The deficit reduction plans now on the table in Washington require some $400 billion in defense spending cuts starting in 2013 and extending for a decade. To achieve that, tough choices will be needed. There is fat, but only so much. To avoid cutting any more muscle than necessary — especially in conventional forces, which do all of the actual fighting — we need to look to nuclear forces as well.
Unfortunately, during last year's debate over ratification of the New START arms control treaty with Russia, the Obama administration agreed to demands from Senate Republicans to increase spending on nuclear capabilities. This is the wrong policy for an age of austerity.
The logic of frugality should not be pushed to extremes. We need a dependable nuclear arsenal. And our strategic forces should remain as large as Russia's, not out of any concern that we will fight our former Cold War enemy in a nuclear exchange but to avoid giving Moscow any more reason to push its weight around with its neighbors. In addition, there is a case for targeted nuclear R&D, including building a simpler, safer, more reliable nuclear warhead that would not require testing. That will take some money.
But we do not need to overinsure. The United States is allowed by treaty to have about 1,550 strategic warheads; we do not need all of our current stock of several thousand more tactical and surplus warheads, even if international agreements don't constrain them. Nor do we need to hedge against a revanchist Russia by retaining the capability to rapidly increase warheads on missiles. Our bomber fleet provides ample insurance against Russian cheating, which would in any case be far less foreboding than in the Cold War.
A change in philosophy — from equally modernizing each leg in the nuclear triad to accepting a more economical overall capability — would allow us to remain at nuclear parity with Russia and still save money. The triad is made up of land-based ICBMs (intercontinental ballistic missiles), sea-based SLBMs (submarine-launched ballistic missiles) and airborne strategic bombers.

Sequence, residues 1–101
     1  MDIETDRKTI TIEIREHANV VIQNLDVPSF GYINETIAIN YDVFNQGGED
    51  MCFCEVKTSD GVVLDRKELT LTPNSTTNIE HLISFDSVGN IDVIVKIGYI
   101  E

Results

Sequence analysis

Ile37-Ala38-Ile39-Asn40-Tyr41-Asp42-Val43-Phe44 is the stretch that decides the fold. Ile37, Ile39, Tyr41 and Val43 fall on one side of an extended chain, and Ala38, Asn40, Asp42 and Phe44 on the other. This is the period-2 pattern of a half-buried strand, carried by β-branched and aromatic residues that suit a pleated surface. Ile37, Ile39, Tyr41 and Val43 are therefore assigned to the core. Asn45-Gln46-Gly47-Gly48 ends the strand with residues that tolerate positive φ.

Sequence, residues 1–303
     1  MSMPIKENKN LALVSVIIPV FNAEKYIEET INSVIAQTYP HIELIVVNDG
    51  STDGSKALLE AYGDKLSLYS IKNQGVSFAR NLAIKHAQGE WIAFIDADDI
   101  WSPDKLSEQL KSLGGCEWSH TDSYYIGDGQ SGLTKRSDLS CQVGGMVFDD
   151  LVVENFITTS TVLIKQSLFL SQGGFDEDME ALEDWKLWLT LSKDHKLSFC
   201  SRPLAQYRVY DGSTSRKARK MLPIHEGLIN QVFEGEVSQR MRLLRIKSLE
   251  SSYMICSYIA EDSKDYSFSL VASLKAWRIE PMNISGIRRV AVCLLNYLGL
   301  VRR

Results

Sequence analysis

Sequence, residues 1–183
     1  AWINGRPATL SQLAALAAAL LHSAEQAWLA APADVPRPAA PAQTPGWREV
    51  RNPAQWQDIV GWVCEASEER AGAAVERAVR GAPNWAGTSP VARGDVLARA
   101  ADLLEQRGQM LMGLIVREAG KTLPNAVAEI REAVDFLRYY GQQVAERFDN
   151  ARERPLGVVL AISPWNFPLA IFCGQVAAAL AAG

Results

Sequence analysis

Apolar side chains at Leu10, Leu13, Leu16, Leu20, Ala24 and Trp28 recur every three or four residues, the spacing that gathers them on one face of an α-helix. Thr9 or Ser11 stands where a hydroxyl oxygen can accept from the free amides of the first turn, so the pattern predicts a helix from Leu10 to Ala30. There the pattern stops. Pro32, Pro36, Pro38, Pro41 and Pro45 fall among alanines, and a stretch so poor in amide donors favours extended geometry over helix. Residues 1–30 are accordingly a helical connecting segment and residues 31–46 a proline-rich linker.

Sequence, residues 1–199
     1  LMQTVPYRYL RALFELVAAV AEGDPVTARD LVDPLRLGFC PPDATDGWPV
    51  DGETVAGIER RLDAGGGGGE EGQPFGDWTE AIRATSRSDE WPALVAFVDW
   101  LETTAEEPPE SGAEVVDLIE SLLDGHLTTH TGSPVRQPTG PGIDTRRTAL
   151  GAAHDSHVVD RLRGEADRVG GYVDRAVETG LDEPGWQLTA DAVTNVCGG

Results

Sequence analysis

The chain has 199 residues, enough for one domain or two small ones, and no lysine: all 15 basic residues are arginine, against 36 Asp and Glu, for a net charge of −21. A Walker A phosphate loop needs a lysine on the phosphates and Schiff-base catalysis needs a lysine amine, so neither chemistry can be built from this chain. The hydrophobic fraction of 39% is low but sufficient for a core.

We could, for example, stop making "D5" SLBM nuclear-tipped missiles and cut back the current fleet of 14 nuclear-armed submarines to eight, with no significant reduction in capability or robustness of the submarine leg of the triad. How? We could increase the number of warheads deployed per missile, in keeping with the missile's originally designed capabilities; and we also have the ability to increase the number of missiles per submarine. Many land-based Minuteman ICBM missiles could be retired, allowing savings in operating costs and in refurbishment of those missiles. We could eliminate at least half the current total, meeting more of our treaty allowance with weapons attributed to the bomber force.
The Department of Energy's nuclear weapons assets could also be scaled back. It has expensive plans for a dedicated new facility to make the plutonium "pits" at the heart of most nuclear weapons. As the nuclear arsenal shrinks, that expensive plan won't be necessary. Overall, one of the country's two main weapons-design laboratories, at Los Alamos, N.M., and Livermore, Calif., could gradually get out of the nuclear weapons business. Sandia National Laboratory in New Mexico could remain involved in nuclear weapons research in support of the remaining design lab, so the nation would have substantial expertise at multiple locations.
We can also reduce spending on missile defense. Missile defense is important; it is hardly the anachronism of U.S.-Russian enmity that critics sometimes imply. But it is also overfunded, with too many systems in various stages of development and deployment. Current programs include upgrades to the ground-based strategic systems in California and Alaska, separate sea-based and land-based theater defense systems, and two land-based short-range defense systems. At least one of the latter programs could be canceled without harming our defense capability.
How much could such cuts in nuclear forces save us? I estimate about $30 billion to $35 billion over the 10-year period being debated by budgeteers. That would approach 10% of the necessary savings in defense; it's real money.
And it is a much better idea than increasing nuclear spending by the $80 billion or so agreed on last year during the Senate's New START ratification debate. This is the kind of tough but doable policy change that is required of the military, and our politicians, if we are to meet what has become our No. 1 national security challenge: the nation's woeful fiscal and economic condition.
Michael O'Hanlon, director of research in foreign policy at the Brookings Institution, is author of the just published e-book "The Wounded Giant: America's Armed Forces in an Age of Austerity."